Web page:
This master plan examines a study area along 37 kilometers of the Jin Jiang River and proposes important changes to the planning bureau's existing plan. Within the study area, 3 percent of the land currently is urbanized and 97 percent is rural. The bureau projects that urbanized land will increase to 62 percent and rural will decrease to 38 percent by 2020. The existing plan represents this urban growth as an unrelenting grid of superblocks extending from the city center out to a new 6th ring road, the new “boundary” between urbanized and rural areas. Johnson Fain's plan does not challenge the projected quantity of future urbanized land. What it does challenge, and proposes an alternative to, is the location and nature of this urbanization within the study area.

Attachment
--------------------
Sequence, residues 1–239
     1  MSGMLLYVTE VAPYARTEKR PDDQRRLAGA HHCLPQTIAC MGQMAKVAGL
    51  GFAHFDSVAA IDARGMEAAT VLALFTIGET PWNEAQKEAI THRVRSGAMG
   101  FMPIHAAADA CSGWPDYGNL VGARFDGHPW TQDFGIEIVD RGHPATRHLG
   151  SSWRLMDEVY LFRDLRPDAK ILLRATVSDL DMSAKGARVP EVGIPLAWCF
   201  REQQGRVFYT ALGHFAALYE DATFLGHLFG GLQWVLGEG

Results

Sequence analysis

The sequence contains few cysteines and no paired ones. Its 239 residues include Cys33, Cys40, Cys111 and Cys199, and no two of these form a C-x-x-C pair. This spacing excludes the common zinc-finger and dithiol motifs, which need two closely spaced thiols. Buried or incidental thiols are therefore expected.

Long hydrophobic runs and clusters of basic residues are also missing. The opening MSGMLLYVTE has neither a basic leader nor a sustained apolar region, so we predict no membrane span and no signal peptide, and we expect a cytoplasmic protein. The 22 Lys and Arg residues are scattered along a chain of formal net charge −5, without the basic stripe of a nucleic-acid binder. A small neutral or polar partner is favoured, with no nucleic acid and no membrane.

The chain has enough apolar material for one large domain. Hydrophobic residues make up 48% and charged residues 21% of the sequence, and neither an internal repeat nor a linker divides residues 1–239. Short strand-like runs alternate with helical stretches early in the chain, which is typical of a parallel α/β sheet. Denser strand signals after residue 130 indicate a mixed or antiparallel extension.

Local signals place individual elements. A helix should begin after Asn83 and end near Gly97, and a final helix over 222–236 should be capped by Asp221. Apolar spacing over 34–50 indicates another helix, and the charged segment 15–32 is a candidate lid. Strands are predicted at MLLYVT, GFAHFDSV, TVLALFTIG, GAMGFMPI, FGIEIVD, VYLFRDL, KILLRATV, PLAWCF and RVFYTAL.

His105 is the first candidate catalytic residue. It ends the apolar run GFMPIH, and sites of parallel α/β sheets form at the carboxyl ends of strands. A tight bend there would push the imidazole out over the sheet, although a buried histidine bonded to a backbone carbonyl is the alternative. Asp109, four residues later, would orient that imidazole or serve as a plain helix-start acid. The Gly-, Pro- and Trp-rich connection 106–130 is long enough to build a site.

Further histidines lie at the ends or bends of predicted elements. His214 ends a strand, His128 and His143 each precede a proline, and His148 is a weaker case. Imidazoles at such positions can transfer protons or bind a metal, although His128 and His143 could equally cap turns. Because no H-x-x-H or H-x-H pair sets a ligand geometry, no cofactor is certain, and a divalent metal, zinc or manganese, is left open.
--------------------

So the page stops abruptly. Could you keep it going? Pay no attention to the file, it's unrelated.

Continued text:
The new plan redirects the path of the projected urban growth to preserve the assets of the river valley and develop it into a valuable place for the region. William Fain and his team at Johnson Fain use infrastructure such as roads, rail, and sewer lines to guide urban growth to desired areas in the watershed and away from protected areas of the valley. To create a sustainable balance between these environments, the planners carefully weave urbanized and rural areas together, both economically and physically. The plan recommends an array of lifestyle and tourism-related land uses that can be implemented and developed within the study area to drive economic activity. Physically, the two environments are tied together by open-space systems that follow the watershed streams through the urban areas, and the river is made navigable to boating again with a series of low-impact fabric dams and locks, creating ports at the key towns and tourist destinations.